The term Web 3.0 has been gaining popularity. Web 3.0 is a strong antithesis to the paradigm Web 2.0, centered on GAFAM (Google, Amazon, Facebook, Apple, and Microsoft). Web 3.0 was proposed by Gavin Wood, a British computer scientist, also known as the founder of Polkadot and Kusama. In this article we explain the background behind the spotlights on Web 3.0.
Web3.0 is a re-branding of crypto
Although there are many definitions of Web 3.0, it is appropriate to think of it as a rebranding of the term "crypto" to describe the world view of cryptoassets and blockchain. In general, many people view cryptoassets and blockchain speculative or a viral trend, and the term crypto is often associated with a negative image. This is why rebranding crypto as Web 3.0 has started.
Web 3.0 is expected to be the next generation Internet, but rather than trying to understand Web 3.0 out of the blue, we first need to understand the paradigms of Web 1.0 and Web 2.0 and reveal in what context Web 3.0 was born. For this reason, in the next chapter we will discuss Web 1.0 and Web 2.0 and explain why Web 3.0 has become popular recently.
Web3.0 aims to evacuate the GAFAM-centric Web2.0 society
Web 1.0 refers to the era when the birth of the World Wide Web (WWW) enabled individuals to freely create websites and spread information. The time period was from the mid-1990s to the mid-2000s.
In Web 2.0, social networking services (SNS) emerged as a service that could solve the directional nature of information transmission in Web 1.0. This made it possible for everyone, who until then were just information recipients, to post information on SNS such as Twitter, Instagram, and Facebook. This has made the Web interactive.
However, we can’t say Internet has achieved true freedom with the invention of SNS. It has rather created various constraints. This is because the companies that control SNS and other platforms are a small group of companies called Big Tech, led by GAFAM. Individuals are the generators of information, but Big Tech monopolizes that information.
Information on social networking sites has a huge impact on people's lives, including politics and economics. There is also the spread of fake news and hate speech, and overwhelming censorship is also an issue. Some think it is a social issue that the use of social networking services for political purposes as seen in the U.S. presidential election, and allegations that repeating acquisitions of emerging services by Big Tech may violate antitrust laws.
This is where the concept of Web 3.0, also known as the distributed Web, emerged. We will explain this in more detail later, but the birth of NFT has made it possible for users to own their own information (data). If Web1.0 is the "Reading" era, Web 2.0 is the "Read-Write" era, and Web 3.0 is the "Read-Write-Own" era.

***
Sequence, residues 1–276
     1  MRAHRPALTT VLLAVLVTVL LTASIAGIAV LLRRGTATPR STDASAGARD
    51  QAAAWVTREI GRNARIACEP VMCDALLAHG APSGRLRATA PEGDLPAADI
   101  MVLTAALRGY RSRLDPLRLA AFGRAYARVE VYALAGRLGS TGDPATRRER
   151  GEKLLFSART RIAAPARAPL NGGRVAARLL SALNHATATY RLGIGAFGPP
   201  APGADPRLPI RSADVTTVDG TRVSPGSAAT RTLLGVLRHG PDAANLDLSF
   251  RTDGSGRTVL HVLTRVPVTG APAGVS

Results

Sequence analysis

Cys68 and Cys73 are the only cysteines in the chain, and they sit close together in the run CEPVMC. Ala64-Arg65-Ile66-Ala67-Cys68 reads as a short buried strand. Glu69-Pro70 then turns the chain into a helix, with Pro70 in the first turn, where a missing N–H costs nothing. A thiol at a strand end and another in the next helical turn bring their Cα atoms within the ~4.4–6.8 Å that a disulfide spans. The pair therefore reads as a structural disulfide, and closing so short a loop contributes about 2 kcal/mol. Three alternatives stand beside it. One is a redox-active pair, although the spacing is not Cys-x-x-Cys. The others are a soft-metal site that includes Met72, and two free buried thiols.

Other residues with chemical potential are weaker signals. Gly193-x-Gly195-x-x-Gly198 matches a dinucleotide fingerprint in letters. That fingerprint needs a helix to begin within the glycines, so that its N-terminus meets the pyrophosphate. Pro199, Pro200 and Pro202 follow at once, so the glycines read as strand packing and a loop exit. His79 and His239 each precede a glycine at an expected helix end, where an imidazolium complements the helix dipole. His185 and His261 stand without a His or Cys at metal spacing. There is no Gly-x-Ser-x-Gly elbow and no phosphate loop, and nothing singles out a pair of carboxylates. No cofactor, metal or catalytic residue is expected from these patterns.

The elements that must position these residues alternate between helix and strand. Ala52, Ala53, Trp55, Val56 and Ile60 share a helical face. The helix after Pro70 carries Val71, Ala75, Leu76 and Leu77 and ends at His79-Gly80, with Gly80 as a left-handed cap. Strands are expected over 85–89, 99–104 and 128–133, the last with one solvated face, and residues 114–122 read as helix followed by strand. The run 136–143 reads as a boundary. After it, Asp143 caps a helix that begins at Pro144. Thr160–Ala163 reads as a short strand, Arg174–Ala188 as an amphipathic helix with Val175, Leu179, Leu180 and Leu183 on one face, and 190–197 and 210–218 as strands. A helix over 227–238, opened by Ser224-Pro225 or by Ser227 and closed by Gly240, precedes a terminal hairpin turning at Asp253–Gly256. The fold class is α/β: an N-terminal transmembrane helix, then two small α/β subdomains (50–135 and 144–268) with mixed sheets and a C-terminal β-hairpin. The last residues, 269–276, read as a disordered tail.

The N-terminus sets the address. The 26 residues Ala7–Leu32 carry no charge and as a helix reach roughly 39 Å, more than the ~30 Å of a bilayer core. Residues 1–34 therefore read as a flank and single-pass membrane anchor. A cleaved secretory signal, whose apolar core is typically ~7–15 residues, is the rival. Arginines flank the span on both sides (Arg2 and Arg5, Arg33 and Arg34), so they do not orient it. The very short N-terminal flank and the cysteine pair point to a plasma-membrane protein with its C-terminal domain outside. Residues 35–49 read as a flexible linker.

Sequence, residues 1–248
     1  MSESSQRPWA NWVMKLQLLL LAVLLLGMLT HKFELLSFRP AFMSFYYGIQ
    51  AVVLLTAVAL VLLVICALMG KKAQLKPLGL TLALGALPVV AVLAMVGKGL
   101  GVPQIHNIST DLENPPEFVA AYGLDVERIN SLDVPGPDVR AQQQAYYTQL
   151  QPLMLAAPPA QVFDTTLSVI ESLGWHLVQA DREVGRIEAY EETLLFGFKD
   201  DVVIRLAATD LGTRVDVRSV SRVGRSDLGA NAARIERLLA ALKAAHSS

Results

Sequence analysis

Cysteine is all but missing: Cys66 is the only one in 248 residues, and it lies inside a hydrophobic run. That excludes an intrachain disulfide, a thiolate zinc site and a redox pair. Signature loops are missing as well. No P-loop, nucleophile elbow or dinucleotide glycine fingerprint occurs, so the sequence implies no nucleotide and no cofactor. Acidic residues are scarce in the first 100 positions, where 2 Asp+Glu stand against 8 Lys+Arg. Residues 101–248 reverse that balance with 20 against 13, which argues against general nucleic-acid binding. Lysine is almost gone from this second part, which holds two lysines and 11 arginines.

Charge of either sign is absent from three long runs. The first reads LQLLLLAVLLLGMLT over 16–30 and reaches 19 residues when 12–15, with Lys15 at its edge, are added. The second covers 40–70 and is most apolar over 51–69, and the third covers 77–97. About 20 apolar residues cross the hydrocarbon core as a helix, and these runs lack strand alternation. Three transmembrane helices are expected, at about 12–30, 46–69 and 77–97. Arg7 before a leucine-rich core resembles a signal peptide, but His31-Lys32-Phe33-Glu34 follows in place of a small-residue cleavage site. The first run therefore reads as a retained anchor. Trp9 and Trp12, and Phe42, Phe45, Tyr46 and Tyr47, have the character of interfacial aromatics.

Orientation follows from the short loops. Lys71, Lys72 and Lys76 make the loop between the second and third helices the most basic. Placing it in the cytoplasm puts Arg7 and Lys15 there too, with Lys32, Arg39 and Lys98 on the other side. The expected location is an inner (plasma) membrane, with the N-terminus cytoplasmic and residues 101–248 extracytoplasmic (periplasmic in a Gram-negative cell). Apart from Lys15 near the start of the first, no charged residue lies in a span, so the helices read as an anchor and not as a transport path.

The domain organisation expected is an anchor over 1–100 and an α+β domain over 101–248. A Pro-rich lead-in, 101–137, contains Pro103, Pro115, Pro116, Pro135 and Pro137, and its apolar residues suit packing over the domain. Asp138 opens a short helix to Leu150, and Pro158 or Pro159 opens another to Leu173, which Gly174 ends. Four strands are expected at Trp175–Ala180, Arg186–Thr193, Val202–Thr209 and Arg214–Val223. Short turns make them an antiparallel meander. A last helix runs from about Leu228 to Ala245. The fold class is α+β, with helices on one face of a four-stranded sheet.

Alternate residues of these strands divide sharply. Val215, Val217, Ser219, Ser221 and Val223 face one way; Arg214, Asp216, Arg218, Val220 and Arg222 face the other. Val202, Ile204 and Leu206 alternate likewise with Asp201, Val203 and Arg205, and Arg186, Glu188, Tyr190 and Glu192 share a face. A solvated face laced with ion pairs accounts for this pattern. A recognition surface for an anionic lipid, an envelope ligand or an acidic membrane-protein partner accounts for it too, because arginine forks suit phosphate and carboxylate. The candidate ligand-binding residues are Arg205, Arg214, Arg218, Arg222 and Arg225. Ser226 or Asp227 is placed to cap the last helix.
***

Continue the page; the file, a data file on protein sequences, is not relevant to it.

In Web3.0, there is a possibility that metaverse will be the red ocean replacing the social networking service. This will give birth to the concept of "virtual first," and the amount of information generated will be significantly greater than that of Web 2.0.
The Internet, which became centralized and dominated by a small number of companies in Web 2.0, is about to enter an era of decentralization and autonomous expansion through Web 3.0.
Web3.0 is beneficial to individuals, not entities
Web 3.0 will allow people to manage their own data (personal information) on their own. Until now, you are not compensated for providing your own data, but the emerge of marketplaces such as information banks for data will change this trend dramatically.
Until now, institutional investors and venture capitalists were the main recipients of returns on successful projects. In Web 3.0, however, those who contribute to the ecosystem will receive tokens, making it easier for them to achieve financial returns when their projects success. Thus, instead of wealth being concentrated in small number of people, we can expect wealth to be distributed throughout the society.
What kind of people are the leaders in Web 3.0? They are the artist and architects in various fields, who create "zero to one". Web 3.0 will foretell the maturation of the artist economy.
NFT and Metaverse, the tech trend for Web 3.0
Here we discuss the two tech trends, NFT and Metaverse, which is essential when understanding Web 3.0. Many people may feel barriers to these ideas for their newness and complexity, but they are necessary knowledge to survive in the coming era.
Digital assets, such as game items and digital art, have had little monetarize opportunities because they can be copy and pasted into an unlimited supply. However, NFT can change this by embedding a cap for supply, and from now on digital assets will have monetary value.
This makes it possible to play-to-earn (P2E) within the metaverse by securing the value of various digital assets in the metaverse with NFTs. In short, you will be able to work and live in the virtual world without having to work in the real world. In fact, people who earn their daily living through blockchain games such as Axie Infinity are emerging, especially in the developing countries.
Metaverse does not necessarily require blockchain technology, but the intersection of the two can create a major paradigm shift. Metaverse is the next generation of social networking, where people can make money, and as the virtual native generation becomes adults, we can expect to see major changes in working and life habits.
Web3.0 from today
We investigated Web3.0 in this article. Considering the time people’s habit will change, it may take at least three to five years for its size of impact to become recognized. Also, since Web 3.0 went viral you might have thought it is transitory, but now you understood that it is an essential movement that will change people's lives. If you are interested in Web 3.0, give it a try on NFT and Metaverse, etc. Value your own intuition about what you think, rather than the opinions of others.